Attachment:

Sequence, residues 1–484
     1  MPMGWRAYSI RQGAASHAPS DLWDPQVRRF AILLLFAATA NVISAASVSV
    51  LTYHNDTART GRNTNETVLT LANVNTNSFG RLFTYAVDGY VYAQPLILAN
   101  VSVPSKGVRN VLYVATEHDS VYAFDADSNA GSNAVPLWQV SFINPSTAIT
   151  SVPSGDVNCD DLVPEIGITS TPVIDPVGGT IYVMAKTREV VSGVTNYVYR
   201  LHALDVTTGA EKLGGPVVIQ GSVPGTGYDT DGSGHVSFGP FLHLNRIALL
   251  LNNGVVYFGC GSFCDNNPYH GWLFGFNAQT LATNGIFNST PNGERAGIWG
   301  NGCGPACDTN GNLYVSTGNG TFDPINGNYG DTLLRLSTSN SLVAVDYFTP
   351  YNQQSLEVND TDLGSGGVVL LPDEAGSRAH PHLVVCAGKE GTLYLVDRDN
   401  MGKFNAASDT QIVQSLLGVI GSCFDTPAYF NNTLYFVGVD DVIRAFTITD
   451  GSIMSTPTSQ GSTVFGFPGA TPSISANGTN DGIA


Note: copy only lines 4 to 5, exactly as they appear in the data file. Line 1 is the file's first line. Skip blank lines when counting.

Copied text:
   101  VSVPSKGVRN VLYVATEHDS VYAFDADSNA GSNAVPLWQV SFINPSTAIT
   151  SVPSGDVNCD DLVPEIGITS TPVIDPVGGT IYVMAKTREV VSGVTNYVYR